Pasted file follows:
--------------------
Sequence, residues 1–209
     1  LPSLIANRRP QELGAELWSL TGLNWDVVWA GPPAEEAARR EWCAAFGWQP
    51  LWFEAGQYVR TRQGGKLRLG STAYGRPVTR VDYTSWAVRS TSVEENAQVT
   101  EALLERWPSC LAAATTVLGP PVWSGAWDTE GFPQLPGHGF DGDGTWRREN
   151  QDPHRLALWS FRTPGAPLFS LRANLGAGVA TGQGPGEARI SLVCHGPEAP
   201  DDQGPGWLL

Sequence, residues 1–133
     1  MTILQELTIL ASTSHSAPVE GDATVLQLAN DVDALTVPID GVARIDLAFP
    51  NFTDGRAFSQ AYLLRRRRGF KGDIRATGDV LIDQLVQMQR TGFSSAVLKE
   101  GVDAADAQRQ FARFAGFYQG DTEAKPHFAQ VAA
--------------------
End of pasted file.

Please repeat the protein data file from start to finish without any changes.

Sequence, residues 1–209
     1  LPSLIANRRP QELGAELWSL TGLNWDVVWA GPPAEEAARR EWCAAFGWQP
    51  LWFEAGQYVR TRQGGKLRLG STAYGRPVTR VDYTSWAVRS TSVEENAQVT
   101  EALLERWPSC LAAATTVLGP PVWSGAWDTE GFPQLPGHGF DGDGTWRREN
   151  QDPHRLALWS FRTPGAPLFS LRANLGAGVA TGQGPGEARI SLVCHGPEAP
   201  DDQGPGWLL

Sequence, residues 1–133
     1  MTILQELTIL ASTSHSAPVE GDATVLQLAN DVDALTVPID GVARIDLAFP
    51  NFTDGRAFSQ AYLLRRRRGF KGDIRATGDV LIDQLVQMQR TGFSSAVLKE
   101  GVDAADAQRQ FARFAGFYQG DTEAKPHFAQ VAA